With two consecutive MVP awards under his belt, forward Alex Ovechkin was the logical choice to fill the void at Washington Capitals captain created when the team traded Chris Clark to Columbus last week.
Now, he has to prove he was the right one.
So far so good after Game 1 of his reign, as Ovechkin led the Caps to a 4-2 victory Tuesday night over the Canadiens. The win stopped the Caps' three-game losing streak.
"Our team has adopted Alex's personality," General Manager George McPhee said. "He sets the tone, on the ice as well as off. He's respectful to everyone and a great ambassador for our team and our sport. We look forward to him leading the Washington Capitals for a long time."
McPhee consulted coach Bruce Boudreau in deciding who should wear the "C."
Ovechkin is always the first to call when a new teammate arrives, McPhee said. He wears his emotions on his sleeve, and the team was unanimous in its support of Ovie for captain.
"I know they [the players] were really happy when I told them this morning," Boudreau said. "This doesn’t happen to often, but the group got up and cheered. I had talked to a lot of them in the last couple of days and they said that Alex was the only choice; he’s our leader, he’s our guy. I think the thing that really sort of shows how he was ready was, when I talked to him a few days ago, he said, ‘I would accept the responsibility, but only if my teammates want me to.’ Like, I mean, if they are happy with me as a captain, I would be glad to be their captain. So, he was already thinking about the team rather than thinking of himself, which is what good captains do.”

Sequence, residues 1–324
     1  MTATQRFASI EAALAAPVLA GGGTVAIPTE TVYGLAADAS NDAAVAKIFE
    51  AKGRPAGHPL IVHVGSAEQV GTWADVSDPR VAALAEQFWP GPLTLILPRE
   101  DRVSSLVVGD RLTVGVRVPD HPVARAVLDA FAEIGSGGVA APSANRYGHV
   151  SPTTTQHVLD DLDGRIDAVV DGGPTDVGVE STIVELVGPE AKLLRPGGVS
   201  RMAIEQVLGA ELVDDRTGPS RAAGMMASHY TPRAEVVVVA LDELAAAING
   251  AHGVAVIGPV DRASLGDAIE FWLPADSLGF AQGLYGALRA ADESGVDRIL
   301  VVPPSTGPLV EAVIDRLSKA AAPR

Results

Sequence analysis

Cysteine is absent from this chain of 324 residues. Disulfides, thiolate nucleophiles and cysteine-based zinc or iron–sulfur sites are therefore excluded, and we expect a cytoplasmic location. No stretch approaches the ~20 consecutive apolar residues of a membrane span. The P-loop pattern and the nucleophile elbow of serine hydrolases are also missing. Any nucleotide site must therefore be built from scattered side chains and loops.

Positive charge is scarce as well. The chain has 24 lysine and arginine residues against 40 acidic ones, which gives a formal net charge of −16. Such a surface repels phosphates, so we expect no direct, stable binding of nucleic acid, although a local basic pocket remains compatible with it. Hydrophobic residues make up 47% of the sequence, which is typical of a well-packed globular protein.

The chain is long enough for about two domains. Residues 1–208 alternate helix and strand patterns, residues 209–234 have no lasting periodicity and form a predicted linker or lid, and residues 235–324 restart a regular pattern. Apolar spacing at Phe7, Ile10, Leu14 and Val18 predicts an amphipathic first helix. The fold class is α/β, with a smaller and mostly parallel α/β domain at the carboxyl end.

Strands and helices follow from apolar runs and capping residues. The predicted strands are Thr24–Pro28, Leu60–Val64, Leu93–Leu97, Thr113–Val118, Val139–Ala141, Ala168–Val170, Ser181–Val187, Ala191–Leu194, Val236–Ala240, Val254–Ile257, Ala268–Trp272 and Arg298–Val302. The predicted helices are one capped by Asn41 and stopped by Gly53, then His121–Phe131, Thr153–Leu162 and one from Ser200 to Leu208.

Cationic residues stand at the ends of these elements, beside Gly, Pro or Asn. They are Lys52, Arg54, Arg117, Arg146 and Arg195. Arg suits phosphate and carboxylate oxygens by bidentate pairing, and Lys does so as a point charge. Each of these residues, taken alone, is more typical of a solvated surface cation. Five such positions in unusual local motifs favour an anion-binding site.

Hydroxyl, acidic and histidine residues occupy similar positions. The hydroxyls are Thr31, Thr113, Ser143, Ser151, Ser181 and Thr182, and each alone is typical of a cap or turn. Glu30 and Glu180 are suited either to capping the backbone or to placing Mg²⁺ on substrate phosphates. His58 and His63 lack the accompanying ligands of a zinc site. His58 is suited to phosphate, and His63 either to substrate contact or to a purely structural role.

Ovechkin leads the team with 26 goals and 50 points this season. He said he will still lead with his play on the ice, but knows he also has the floor in the locker room when needed.
“We have lots of guys that can speak up, but if I need to say something I’m going to say something," Ovechkin said. "I’m just going to show it on the ice, and if they need someone to help them, I will."
The "C" replaces the assistant captain's "A" that he had been wearing.